Traders say new tax regime hurting their textile business
IN POLL FOCUS Thousands of traders in the bustling markets of Surat are disgruntled as the Goods and Services Tax has reduced their profit margins
unusual hush has fallen over the bustling textile markets of Surat. Previously, travellers would find it impossible to negotiate the maze of streets crowded with mini trucks and labourers with bundles heaped on their heads. Now, , the textile hub in the heart of Gujarat’s richest city is lackluster even as markets slowly open after a Diwali break.
“We used to produce four crore metres of synthetic cloth in Surat every day. It has come down to 2.5 crore metres,” says Sanjay Jagnani who heads the local textile traders association.
Jagnani is among thousands of disgruntled textile traders in the economic capital of the western state who say problems in the uniform tax system, the Goods and Services Tax, hamstrung their business and hurt their profit margins.
This resentment is the focus of a high-decibel campaign for the assembly elections as the Bharatiya Janata Party (BJP) tries to placate its traditional vote bank and the Congress tries to cash in on the anger and initial signs of anti-incumbency.
Surat is home to around 65,000 traders, mostly Patidars, who have supported the BJP for generations but resorted to violent agitations two years ago to demand quotas in jobs and education.
The annual turnover of the textile industry is around ~400 crore and it employs more than a million people. Traders say they were not badly affected by the government’s shock recall of high-value banknotes last year because they mostly deal in credit. It was the problems in GST that hit them hard.
Traders say the tax rate of 5% is not the problem but that the process bogs them down. They claim small traders will be the worst hit. There’s an alternative school of thought, though: that before GST, at least some small traders were not paying tax (or at least, all the tax they had to).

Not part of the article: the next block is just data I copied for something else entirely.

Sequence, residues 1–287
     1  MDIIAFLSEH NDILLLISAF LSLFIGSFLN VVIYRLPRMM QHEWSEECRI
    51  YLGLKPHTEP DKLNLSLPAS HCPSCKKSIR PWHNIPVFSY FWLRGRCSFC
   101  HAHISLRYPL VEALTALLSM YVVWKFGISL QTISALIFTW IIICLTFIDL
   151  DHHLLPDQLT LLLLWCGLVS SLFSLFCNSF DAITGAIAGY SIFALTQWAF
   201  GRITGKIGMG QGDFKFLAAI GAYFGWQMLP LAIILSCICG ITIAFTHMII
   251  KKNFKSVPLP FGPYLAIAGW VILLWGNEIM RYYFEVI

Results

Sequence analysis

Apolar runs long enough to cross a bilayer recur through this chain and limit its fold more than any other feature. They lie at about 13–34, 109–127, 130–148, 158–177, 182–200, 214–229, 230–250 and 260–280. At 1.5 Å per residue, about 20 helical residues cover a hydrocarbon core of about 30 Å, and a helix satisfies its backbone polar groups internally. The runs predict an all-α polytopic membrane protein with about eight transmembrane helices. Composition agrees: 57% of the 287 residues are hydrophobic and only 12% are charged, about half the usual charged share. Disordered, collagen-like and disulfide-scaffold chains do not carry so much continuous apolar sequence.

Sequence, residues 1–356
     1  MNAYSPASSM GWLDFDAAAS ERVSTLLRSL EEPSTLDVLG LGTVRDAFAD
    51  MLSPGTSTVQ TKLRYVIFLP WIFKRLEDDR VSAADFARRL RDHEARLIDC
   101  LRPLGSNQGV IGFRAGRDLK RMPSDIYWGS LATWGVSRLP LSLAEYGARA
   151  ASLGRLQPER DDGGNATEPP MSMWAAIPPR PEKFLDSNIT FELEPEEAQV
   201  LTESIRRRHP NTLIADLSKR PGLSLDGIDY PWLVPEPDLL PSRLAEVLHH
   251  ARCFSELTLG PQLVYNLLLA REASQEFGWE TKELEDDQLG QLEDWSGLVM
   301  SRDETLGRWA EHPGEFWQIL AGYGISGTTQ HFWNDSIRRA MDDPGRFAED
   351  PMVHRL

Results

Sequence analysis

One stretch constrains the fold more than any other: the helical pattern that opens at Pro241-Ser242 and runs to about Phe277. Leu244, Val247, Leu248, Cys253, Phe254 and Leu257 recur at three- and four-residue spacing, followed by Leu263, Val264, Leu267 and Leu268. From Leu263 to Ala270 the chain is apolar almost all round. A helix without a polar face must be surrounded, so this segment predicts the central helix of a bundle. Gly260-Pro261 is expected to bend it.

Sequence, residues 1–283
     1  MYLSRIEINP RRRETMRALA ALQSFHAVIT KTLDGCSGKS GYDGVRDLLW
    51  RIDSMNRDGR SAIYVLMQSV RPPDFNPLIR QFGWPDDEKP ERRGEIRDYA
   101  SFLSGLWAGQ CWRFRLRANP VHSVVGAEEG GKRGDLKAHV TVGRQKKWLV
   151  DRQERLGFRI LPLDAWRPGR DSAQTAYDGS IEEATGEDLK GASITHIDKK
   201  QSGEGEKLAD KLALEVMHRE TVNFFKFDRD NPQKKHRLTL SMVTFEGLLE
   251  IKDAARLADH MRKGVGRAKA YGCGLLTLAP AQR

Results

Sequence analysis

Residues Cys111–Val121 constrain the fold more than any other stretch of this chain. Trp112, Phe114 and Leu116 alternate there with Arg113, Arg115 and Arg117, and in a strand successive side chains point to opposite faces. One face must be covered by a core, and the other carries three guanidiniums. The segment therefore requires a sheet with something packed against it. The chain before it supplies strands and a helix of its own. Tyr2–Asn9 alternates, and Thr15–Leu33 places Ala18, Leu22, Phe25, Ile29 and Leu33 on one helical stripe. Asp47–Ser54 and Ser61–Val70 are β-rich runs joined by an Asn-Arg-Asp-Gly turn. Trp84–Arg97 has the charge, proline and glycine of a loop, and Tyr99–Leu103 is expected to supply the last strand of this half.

Whatever be the case, the traders say business is down.
“The business is down by 40%. We are suffering losses,” says Manoj Agarwal, president of the Federation of Surat Textile Traders Association that represents Surat’s 165 textile markets. “Our problem is that we have to spend time filing returns. The trader has to focus on his business because in textiles you have to constantly come up with something new for consumers. We also have to give credit, up to three months. That is also getting affected.”
There’s more — all to do with the process. “Even a small trader has to file three returns in a month. They can’t afford keeping an accountant. Servers are slow and filing returns online is tedious,” says Jagnani. “In our estimate, about 30% small and medium businessmen will shut shop if things don’t improve.” Even the upcoming wedding season has failed to buoy orders and sentiment, he rues.
The anger spilled on to the streets. Traders called for a 22-day strike in July, took out a massive protest march and didn’t celebrate Diwali, calling it a black festival for them.
The government has responded with slashing the rates for some goods, extending filing deadlines and simplifying processes. But many traders say they are still angry. “90% of the textile traders were with the BJP. The government is responding now because there are elections and the ruling party is rattled. If the government doesn’t
traders power looms metres of cloth manufactured daily embroidery units
people in Surat dependent on the textile industry.
A worker at a textile mill in Surat.